UCSF researchers have identified a novel physiological process that may contribute to obesity in middle-aged mice. The scientists suspect the same process occurs in humans and could be a factor in the weight gain that many people experience as they age. The finding, they say, suggests a possible target for therapy.
In the study, published in the February issue of Diabetes, the researchers determined that middle-aged mice expended less energy - i.e., burned fewer calories - to carry out the same physical activity—scurrying to and fro—than younger adult mice. The most dramatic findings were seen in a comparison of middle-aged and younger-adult mice genetically engineered to lack a brain cell receptor known as 5-HT(2c), which receives signals from the brain chemical serotonin; an effect, though less dramatic, was also seen in normal mice.
Traditionally, scientists have surmised that the increase in weight gain seen in middle-aged mammals, including mice and people, was due in part to declines in resting metabolic rate and physical activity levels.
However, in the study, both sets of middle-aged mice ate the same amount, had the same resting metabolic rate and had the same level of activity as their younger brethren.
The only difference, the researchers discovered, was the increased efficiency with which both groups of middle-aged mice expended energy during exercise.
In other words, they got more miles per gallon. (The increase was tightly correlated with the extent of activity and age, a fact dramatically illuminated on two graphs.)
The evidence that middle-aged mice burn fewer calories per dash across the cage - and the implication that aging people may burn fewer calories per jog down the footpath— are less than sanguine.
“This could mean that I’d burn less energy today running an 8-minute mile at a given weight than I would have 20 years ago,” says senior author Laurence Tecott, PhD, UCSF associate professor of psychiatry and a member of the UCSF Center for Neurobiology and Psychiatry.
At the same time, he says, the energy-expenditure mechanism could prove a target for therapy, offering the recipient more “bang for the buck of exercise.” A possible candidate for such a target, he says, is the serotonin 5-HT(2c) receptor.
Mice genetically engineered to lack the 5-HT(2c) serotonin receptor demonstrated the most dramatic results in the study. Young adult mutants spent their days scurrying back and forth to the feeder with a peripatetic urgency, yet despite their perpetual consumption they maintained normal body weight. It was only upon reaching middle age that they became obese. At nine to 10 months of age, they used significantly less energy during activity than either the younger mutant mice or the normal middle-aged mice.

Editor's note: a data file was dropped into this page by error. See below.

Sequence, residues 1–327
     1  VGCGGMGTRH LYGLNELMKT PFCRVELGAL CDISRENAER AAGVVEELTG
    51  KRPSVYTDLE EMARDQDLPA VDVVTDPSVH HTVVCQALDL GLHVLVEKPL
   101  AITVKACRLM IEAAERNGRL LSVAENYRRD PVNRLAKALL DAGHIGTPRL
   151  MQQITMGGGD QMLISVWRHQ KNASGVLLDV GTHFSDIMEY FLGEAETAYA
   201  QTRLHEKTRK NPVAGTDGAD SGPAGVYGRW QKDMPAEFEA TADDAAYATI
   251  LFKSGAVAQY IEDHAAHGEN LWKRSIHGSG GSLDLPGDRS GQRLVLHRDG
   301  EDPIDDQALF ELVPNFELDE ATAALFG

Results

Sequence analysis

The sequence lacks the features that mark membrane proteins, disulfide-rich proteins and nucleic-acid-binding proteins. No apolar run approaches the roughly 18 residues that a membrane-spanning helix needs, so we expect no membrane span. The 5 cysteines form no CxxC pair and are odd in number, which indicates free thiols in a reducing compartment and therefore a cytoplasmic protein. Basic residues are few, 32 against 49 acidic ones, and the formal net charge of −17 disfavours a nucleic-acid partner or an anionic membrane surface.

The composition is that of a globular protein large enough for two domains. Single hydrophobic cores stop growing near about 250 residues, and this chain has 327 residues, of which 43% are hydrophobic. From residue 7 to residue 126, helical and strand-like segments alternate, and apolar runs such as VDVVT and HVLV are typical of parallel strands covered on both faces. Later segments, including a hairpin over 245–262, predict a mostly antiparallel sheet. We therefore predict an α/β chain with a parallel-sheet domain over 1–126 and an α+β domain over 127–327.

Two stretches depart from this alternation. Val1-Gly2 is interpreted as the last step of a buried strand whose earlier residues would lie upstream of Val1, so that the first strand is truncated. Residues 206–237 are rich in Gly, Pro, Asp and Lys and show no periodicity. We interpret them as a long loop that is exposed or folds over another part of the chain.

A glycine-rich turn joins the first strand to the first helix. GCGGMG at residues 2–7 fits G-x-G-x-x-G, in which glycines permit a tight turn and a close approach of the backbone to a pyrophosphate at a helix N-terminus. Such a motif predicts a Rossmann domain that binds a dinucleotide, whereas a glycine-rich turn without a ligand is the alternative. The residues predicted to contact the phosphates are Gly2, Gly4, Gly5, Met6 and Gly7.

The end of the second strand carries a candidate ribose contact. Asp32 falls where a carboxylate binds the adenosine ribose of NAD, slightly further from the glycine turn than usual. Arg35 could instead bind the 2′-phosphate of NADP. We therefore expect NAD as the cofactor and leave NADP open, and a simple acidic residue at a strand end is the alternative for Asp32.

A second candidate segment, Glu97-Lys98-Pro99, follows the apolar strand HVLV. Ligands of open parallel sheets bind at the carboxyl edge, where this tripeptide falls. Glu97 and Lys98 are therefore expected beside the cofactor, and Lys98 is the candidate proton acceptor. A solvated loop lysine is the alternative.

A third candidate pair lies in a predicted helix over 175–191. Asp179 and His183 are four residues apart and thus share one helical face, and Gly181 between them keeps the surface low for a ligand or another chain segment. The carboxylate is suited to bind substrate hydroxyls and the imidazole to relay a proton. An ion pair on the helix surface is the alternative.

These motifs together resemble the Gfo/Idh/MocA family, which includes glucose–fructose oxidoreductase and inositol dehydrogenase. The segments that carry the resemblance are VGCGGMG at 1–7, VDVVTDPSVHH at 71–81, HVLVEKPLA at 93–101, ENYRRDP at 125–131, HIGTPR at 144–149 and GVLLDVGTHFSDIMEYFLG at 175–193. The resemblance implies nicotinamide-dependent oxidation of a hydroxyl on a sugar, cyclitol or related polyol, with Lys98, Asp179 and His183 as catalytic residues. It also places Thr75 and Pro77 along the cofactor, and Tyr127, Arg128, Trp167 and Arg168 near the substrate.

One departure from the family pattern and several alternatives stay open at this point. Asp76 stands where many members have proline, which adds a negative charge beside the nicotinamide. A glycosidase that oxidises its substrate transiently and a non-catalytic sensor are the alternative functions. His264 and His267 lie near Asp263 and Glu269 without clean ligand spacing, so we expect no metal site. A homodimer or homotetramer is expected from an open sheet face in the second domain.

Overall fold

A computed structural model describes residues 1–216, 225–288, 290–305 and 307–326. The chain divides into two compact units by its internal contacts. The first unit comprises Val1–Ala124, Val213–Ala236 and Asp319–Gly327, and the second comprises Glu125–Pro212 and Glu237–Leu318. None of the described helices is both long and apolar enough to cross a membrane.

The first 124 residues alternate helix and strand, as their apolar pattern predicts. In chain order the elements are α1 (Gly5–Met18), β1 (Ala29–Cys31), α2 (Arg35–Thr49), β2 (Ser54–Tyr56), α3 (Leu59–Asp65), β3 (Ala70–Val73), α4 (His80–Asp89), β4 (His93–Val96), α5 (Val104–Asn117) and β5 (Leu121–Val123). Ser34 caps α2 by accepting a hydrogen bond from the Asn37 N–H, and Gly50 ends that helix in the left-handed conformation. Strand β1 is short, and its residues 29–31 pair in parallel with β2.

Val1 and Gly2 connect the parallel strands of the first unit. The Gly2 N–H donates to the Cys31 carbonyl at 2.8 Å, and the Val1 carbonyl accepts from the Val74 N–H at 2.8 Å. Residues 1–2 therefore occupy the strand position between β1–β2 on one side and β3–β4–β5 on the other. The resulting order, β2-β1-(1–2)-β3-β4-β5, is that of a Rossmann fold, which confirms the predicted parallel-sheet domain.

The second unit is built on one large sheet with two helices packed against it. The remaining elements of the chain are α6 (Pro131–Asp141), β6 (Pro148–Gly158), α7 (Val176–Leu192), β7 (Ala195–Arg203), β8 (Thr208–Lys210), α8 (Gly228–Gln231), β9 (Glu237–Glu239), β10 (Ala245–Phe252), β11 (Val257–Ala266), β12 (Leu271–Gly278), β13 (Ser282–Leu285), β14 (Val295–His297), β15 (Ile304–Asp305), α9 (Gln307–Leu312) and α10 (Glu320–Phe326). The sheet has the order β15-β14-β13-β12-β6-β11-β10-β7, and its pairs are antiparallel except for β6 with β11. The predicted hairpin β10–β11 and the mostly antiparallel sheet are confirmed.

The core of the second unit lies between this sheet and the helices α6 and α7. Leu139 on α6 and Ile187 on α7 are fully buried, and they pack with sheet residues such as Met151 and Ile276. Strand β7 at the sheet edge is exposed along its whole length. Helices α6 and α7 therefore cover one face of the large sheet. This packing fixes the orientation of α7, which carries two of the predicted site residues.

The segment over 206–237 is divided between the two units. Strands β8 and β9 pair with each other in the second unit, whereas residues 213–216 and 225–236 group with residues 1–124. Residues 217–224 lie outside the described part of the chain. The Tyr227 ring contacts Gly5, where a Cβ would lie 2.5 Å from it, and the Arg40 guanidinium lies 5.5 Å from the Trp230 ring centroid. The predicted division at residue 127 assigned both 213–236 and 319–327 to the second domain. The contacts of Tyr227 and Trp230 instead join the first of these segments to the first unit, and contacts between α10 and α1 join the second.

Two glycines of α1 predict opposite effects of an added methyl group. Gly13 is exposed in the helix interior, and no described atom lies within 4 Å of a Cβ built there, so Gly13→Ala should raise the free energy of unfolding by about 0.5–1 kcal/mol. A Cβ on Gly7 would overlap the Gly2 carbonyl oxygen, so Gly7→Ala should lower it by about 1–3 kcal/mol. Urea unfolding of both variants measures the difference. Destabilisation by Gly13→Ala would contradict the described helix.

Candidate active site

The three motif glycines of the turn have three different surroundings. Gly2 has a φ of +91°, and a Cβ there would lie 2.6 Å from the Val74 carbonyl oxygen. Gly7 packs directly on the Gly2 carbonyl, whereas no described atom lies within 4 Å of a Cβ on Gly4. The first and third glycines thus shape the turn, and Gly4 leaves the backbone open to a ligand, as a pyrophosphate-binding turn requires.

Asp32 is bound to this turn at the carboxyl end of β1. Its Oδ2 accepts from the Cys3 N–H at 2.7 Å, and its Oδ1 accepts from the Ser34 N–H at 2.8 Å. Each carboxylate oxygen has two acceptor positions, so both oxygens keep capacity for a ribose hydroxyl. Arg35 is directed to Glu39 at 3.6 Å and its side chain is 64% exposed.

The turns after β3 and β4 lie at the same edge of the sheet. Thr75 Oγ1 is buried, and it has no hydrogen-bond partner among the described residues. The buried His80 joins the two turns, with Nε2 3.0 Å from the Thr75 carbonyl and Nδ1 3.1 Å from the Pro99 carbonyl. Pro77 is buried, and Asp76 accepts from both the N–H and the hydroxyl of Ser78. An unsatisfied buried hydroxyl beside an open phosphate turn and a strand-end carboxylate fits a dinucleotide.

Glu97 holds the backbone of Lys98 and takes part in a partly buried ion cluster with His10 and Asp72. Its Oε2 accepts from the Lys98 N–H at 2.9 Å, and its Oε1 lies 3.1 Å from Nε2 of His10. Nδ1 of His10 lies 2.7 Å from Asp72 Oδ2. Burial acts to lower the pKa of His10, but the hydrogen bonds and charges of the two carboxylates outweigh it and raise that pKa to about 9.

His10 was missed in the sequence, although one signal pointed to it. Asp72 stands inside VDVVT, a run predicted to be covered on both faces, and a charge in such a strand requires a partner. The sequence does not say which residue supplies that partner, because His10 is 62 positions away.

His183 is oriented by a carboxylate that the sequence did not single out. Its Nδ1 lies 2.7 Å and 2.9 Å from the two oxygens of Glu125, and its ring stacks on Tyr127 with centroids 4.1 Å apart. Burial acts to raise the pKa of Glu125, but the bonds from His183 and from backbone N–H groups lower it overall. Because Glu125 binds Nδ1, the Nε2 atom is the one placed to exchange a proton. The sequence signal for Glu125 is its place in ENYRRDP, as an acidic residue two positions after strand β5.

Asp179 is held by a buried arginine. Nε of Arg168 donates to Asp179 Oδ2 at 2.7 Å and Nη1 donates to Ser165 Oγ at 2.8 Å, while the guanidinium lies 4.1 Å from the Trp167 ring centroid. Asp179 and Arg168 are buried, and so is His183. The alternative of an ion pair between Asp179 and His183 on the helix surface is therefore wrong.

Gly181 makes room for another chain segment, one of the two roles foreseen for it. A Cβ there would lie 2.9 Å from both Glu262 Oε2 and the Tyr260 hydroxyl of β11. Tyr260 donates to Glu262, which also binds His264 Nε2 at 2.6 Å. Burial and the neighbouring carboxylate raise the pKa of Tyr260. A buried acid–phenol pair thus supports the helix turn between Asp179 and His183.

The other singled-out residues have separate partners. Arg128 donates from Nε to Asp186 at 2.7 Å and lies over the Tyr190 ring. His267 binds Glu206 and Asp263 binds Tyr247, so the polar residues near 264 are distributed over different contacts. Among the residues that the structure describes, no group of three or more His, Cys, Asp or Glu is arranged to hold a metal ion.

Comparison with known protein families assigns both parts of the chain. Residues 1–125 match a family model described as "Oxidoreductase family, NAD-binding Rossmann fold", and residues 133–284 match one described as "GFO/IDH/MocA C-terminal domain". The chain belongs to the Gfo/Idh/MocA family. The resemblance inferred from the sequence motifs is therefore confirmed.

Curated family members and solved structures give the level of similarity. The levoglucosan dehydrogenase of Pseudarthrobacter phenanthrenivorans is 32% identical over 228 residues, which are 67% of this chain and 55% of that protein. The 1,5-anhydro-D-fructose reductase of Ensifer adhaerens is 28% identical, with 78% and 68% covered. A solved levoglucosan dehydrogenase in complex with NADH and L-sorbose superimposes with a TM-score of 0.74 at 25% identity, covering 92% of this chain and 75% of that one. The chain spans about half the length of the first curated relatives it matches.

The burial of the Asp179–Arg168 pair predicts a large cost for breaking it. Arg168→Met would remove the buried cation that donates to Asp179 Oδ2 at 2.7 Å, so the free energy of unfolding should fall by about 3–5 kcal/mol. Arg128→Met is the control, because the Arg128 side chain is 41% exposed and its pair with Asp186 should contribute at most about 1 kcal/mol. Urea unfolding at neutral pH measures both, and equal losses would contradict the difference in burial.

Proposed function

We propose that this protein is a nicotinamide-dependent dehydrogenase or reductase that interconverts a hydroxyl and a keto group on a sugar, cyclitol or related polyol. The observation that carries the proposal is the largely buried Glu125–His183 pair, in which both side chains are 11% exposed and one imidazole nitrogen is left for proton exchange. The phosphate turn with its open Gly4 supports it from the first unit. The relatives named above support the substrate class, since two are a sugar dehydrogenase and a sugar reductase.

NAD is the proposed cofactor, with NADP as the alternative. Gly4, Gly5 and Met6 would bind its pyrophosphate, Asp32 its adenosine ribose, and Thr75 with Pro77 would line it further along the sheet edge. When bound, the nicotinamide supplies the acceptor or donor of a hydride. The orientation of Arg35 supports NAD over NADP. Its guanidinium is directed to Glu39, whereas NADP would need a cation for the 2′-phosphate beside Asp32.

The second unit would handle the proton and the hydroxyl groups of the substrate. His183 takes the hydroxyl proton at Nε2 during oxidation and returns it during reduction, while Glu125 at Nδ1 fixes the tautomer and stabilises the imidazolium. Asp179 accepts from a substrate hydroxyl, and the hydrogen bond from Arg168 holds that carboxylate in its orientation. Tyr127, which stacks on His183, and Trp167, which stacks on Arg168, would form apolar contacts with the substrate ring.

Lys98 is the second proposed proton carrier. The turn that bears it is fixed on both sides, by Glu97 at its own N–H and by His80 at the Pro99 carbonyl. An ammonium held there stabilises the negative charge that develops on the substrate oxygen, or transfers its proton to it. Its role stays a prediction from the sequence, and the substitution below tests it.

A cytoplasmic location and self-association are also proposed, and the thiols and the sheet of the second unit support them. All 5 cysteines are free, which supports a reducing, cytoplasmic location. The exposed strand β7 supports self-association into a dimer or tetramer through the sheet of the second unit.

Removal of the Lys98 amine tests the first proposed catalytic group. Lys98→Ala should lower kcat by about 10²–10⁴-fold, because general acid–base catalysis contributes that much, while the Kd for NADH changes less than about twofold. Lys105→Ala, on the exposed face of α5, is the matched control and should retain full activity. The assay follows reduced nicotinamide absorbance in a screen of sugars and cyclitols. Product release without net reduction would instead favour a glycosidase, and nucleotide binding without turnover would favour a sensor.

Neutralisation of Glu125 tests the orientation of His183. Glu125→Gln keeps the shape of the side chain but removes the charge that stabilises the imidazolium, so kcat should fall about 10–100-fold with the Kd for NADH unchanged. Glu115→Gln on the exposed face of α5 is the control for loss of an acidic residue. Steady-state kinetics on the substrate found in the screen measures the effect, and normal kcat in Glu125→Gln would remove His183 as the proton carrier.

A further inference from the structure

Middle-aged normal mice, which gradually gain weight as they age, also burned less energy during activity than younger normal mice, despite eating the same moderate amount of food and maintaining the same resting metabolic rate.
The pronounced results in the mature mutant mice - the onset of obesity associated with the dramatic decrease in energy expenditure during exercise—suggest, says Tecott, that energy cost may be regulated both by aging and serotonergic signaling.
This wouldn’t necessarily suggest that mutations in the 5-HT(2c) serotonin receptor cause middle-age obesity in humans, but rather that the receptor might influence factors involved in energy expenditure and therefore could prove a target for therapy.
The amount of energy expended during physical activity is measured by the amount of oxygen that is used by the body during a specified period, in relation to weight and distant traveled. The measurement reflects the central nervous system’s response to a complex set of variables related to body composition & energy metabolism, or the buildup and breakdown of energy.
There are several mechanisms through which mutations in the 5-HT(2c) receptor could alter the input into this highly orchestrated system, says Tecott. The receptor may modulate neuro-endocrine function and/or sympathetic nervous system activity, thereby regulating such factors as glucose, fat metabolism, skeletal muscle oxygenation and leptin signaling.
If this proved the case, a drug that stimulated the serotonin 5-HT(2c) receptor might decrease the energy efficiency of physical activity, says Tecott. He and his colleagues now are testing this possibility in normal mice.
Notably, serotonin receptors are already the target of numerous drugs that enhance serotonergic transmission, including the appetite suppressant fenfluramine and the depression-treating serotonin reuptake inhibitors. In prior work, Tecott’s team found that the appetite-suppressant effects of fenfluramine were reduced in the 5-HT(2c) receptor mutant mice, implicating the receptor as a target for appetite suppression.
It may be, says Tecott, that in addition to being an appetite suppressor fenfluramine affects energy expenditure. In any case, he says, further studies on the novel physiological process could help explain why some mammals, including mice and humans, tend to get heavier as they get older.
Co-authors of the study were Katsunori Nonogaki PhD, Luna Abdallah, PhD, postdoctoral fellow, Evan H. Goulding, MD, PhD, postdoctoral fellow, and Stephen J. Bonasera, MD, PhD, postdoctoral fellow, all members of the Tecott lab at the time of the studies.
The study was funded by the National Institute of Mental Health, a Howard Hughes Medical Institute Physician Postdoctoral Fellowship and an American Federation for Aging Research Academic Geriatrics Fellowship.